Category: Uncategorized

Is Oregon a No-Fault State for Auto Accidents

Is Oregon a No-Fault State for Auto Accidents?

Auto accidents are tough under the best of circumstances. However, the more prepared you are, the easier the process becomes. Gaining insight into how your case is handled will better equip you on what steps need to be taken.

Each state has different laws, so it’s important to familiarize yourself with these state-specific auto accident laws. For instance, does your state operate on a “no-fault” or “at-fault” system? If you are a resident of Oregon, which system does it follow? Let’s look at how this could affect your case.

No-Fault vs. At-Fault Systems

What’s the difference between these two systems? Before exploring Oregon-specific auto accident laws, it’s helpful to understand the difference between no-fault and at-fault systems. In a no-fault state, neither party is considered to be at fault for the accident. Regardless of who is responsible for the collision, each driver seeks compensation from their own insurance provider. A party is not required to first prove the other party is at fault before receiving compensation. However, there are some exceptions. If one of the involved parties is suffering from significant injuries or property damage, they can file a third-party lawsuit against the responsible party.

The purpose of a no-fault system is to expedite the insurance process and provide compensation sooner. With a no-fault system, you have to submit a claim to your insurance provider even if you are not at fault.

Most states, however, use the traditional at-fault system. In at-fault states, each insurance company pays for damages measured against the degree of fault with each party involved. If you are the injured party, you will file a claim with the insurance company of the driver that is responsible. The driver who caused a collision is responsible for the damages of the injured party; the insurance company of the party found at fault pays the injured victim.

This means that, after an auto accident, you must first prove who is at fault and to what degree. This is typically handled by an adjuster assigned by your insurance company. If you disagree with the insurance adjuster, you can seek uncompensated damages by filing a lawsuit.

Which System Does Oregon Follow?

For auto accidents, Oregon uses an at-fault system. Since Oregon is an at-fault state, the injured party files a claim with the insurance company of the driver responsible for the accident. If you can prove they are at fault, their insurance company will pay damages for injury or property damage. It’s possible to share liability. In this case, the insurance companies will determine to what degree each party is responsible.
However, Oregon law requires insurance policies to include no-fault provisions. This provision requires insurance companies to provide personal injury protection (PIP) to anyone paying for insurance in Oregon, even if they are considered at fault. PIP pays up to a certain amount by your insurance provider for medical expenses, funeral expenses, childcare expenses, lost income, survivors’ loss benefits, and household services. This payout also extends to passengers of auto accidents.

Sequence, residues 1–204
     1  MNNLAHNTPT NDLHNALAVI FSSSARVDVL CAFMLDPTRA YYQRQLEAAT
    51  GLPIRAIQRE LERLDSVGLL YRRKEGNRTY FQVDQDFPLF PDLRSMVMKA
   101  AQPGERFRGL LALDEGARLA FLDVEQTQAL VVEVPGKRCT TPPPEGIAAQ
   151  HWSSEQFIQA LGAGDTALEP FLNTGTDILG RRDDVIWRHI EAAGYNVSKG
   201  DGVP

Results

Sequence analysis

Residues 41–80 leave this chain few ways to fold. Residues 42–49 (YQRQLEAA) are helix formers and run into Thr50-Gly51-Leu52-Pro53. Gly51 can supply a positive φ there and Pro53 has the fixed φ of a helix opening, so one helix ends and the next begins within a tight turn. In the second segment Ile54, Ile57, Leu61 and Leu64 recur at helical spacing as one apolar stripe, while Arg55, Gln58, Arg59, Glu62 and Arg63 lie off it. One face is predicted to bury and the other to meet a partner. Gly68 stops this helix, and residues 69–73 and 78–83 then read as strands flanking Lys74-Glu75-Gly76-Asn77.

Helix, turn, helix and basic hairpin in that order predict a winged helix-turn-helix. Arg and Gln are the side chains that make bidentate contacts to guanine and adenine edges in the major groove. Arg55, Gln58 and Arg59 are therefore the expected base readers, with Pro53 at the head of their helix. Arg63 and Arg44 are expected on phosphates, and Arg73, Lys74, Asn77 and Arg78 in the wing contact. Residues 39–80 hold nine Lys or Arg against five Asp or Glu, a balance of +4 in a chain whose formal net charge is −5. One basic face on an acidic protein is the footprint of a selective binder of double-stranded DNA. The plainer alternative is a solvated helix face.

What Compensation Is Available for At-Fault Auto Accidents?

Each case is different, and compensation is determined by the severity of injuries or property damage sustained. However, there are several types of compensation that are typically covered. These include:

  • Medical Expenses: Reimbursement for your medical expenses includes payments for hospital visits, physical therapy, pain medication, and future medical bills related to the auto injury.
  • Lost Income: This includes payment for times you weren’t able to work while recovering. You can request compensation for these lost wages. If the injury affects your ability to continue your current line of work, you can also sue for future loss of wages.
  • Pain and Suffering: This refers to both physical and emotional pain experienced during the accident and recovery process. It’s intended to help compensate for the impact an accident has on your daily life. This includes anxiety, depression, physical pain, strained relationships, and inability to engage in daily activities.
  • Punitive Damages: This is paid on top of compensatory damages if the guilty party has performed outrageous conduct. It’s meant to deter future misdeeds and help the victim if compensatory damages are not sufficient. In an auto accident, this may be awarded if someone was driving drunk.

Should You Seek Legal Representation?

Often, insurance companies don’t have your best interests in mind. Though a provider may not go as far as to act in bad faith and wrongfully deny coverage, they may attempt to minimize the amount of compensation you receive. Since insurance companies may act in their own interests, it is helpful to seek legal representation. A personal injury attorney acts in your interest and helps you receive fair compensation after an accident.

If you have suffered an accident resulting in injury or property damage, the expert team at Warren Allen LLP is here to help. We provide solid legal advice and representation. If you are attempting to receive compensation after an accident, we are here to help you receive fair compensation and the best resolution possible. Contact our firm today to learn what your options are.